Top Ten Autism Stories of 2012

There were lots of reports about celebrities endorsing research, early brain scans, early blood tests for autism, various ‘genetic tests’ for autism, the flu during pregnancy influencing autism, environmental risks, some promising treatments, some treatments shown to be ineffective, associations with overweight and older moms, older dads, and the usual ups and downs of hopeful stories.

Here is my top ten list for the most important stories which have appeared in autism news this year:

10. The Medical Academy of Pediatric Special Needs provided the first scientific meetings in order to elevate and legitimize the speciality of treating children with developmental challenges.

9. More states mandated appropriate insurance coverage for autism, including Ohio, Alaska, Michigan, Alabama and Washington.

8. The new DSM V criteria were approved. There continues to be a great debate over whether more or less individuals will receive services.

7. iPads, etc. apps took a major place assisting ASD patients. Although some controversy exists, it appears that they are more helpful than not. It is best when the device is used to help communication, rather than as a babysitter or ‘stim’-machine, where the patient watches the same video (or piece of one) over and over.

6. The advocacy organization Autism Speaks ranked Paul Shattuck’s study as one of the top 10 research advancements this year. “Postsecondary Education and Employment Among Youth With an Autism Spectrum Disorder” was published in June in the journal Pediatrics. “Higher income and higher functional ability were associated with higher adjusted odds of participation in postsecondary employment and education.” Who am I to argue with the experts?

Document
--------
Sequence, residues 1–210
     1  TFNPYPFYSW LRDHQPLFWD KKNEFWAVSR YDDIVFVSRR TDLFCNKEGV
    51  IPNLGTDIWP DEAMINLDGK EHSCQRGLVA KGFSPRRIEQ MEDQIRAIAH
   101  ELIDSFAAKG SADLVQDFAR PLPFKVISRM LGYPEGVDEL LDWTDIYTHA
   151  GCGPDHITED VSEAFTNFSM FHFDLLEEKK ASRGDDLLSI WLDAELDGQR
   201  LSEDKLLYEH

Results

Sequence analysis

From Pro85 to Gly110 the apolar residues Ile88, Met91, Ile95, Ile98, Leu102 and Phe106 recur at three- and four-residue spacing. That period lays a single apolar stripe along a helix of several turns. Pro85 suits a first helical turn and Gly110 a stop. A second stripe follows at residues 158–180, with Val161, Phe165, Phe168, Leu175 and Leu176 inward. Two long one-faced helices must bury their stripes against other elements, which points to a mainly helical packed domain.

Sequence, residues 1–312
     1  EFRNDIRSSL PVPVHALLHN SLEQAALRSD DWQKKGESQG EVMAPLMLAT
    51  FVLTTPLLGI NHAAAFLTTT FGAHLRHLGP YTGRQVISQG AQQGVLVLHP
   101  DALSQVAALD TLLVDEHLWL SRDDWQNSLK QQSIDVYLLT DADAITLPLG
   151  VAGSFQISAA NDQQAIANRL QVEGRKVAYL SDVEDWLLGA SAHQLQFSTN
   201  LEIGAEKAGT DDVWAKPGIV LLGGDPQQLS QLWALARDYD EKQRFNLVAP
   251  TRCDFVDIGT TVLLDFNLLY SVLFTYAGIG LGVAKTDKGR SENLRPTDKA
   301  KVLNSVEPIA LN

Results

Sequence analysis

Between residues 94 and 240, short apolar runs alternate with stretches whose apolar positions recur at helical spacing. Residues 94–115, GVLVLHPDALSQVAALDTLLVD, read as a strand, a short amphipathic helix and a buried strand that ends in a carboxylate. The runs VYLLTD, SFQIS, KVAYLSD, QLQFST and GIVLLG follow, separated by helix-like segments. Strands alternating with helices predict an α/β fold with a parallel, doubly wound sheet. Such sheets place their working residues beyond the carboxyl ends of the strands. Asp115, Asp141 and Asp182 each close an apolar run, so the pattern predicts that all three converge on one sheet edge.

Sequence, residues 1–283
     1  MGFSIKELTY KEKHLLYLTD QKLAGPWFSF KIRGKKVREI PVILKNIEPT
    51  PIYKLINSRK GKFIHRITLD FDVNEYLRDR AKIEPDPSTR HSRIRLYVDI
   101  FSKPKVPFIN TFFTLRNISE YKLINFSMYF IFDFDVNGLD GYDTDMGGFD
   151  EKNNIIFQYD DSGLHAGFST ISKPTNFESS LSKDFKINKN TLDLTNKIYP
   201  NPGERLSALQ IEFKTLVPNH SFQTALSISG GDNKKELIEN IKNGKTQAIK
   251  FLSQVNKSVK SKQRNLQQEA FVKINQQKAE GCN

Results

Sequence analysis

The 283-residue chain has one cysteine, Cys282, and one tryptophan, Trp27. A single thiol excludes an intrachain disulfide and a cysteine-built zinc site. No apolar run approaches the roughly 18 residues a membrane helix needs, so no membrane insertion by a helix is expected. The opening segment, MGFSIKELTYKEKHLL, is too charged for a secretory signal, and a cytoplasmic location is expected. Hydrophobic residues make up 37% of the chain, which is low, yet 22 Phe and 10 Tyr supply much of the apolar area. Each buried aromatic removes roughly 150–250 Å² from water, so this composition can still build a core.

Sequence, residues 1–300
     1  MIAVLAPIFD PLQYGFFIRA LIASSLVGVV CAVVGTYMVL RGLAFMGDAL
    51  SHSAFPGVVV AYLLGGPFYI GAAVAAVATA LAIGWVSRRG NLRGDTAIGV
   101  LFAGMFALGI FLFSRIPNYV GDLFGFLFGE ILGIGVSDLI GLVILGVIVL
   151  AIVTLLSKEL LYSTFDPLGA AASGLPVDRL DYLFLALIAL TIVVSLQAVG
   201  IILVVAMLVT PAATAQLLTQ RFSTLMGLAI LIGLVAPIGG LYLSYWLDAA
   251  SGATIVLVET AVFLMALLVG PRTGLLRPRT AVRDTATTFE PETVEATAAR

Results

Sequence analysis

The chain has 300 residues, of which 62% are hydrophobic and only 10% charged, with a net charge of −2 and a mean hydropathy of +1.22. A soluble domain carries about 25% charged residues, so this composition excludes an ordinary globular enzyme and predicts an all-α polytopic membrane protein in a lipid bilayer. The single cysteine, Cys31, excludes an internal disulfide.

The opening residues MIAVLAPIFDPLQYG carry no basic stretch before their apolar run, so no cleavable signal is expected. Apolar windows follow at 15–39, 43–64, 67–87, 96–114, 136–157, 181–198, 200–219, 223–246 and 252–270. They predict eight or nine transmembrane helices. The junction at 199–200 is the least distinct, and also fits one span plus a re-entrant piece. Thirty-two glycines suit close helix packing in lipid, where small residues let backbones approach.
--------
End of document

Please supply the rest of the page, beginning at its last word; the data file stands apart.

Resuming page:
5. ABA gained even more standing as a key treatment for autism, and was recognized with a TIME magazine award. “Children diagnosed with autism spectrum disorders… showed changes in the way their brains process human faces and objects… It’s a hopeful sign that it’s possible to halt some of the brain changes linked to autism and possibly even reverse them.” In my experience, combining therapy with biomedical intervention is even more successful.

4. Dr. Martha Herbert published THE AUTISM REVOLUTION: Whole Body Strategies For Making Life All It Can Be. Dr. H is a great scientist and caring individual who has changed the paradigm of ASD, bringing reason and scientific thought about the disorder into the 21st century.

3. Are there really more ASD affected individuals or are we just recognizing it / diagnosing it more often? The CDC reported that the number of children with autism had increased to 1/88. The government weighed in on this one, and people started listening. Even the AAP admitted that autism is an epidemic.

2. Reports of an Asperger tendency in the Connecticut shooter. Thank goodness that the media actually acted responsibly, focusing on the tragedy of the victims. Sanjay Gupta did a great job of explaining the distinction between a medical disorder and psychiatric illness. Although that difference won’t be appreciated by everyone, clarity was restored.

1. And, the most important story of 2012… is the improvement and progress that your child experienced, however obvious or perceptible.

Let’s get to the causes and effective treatments and in 2013 make even greater strides in this modern epidemic.

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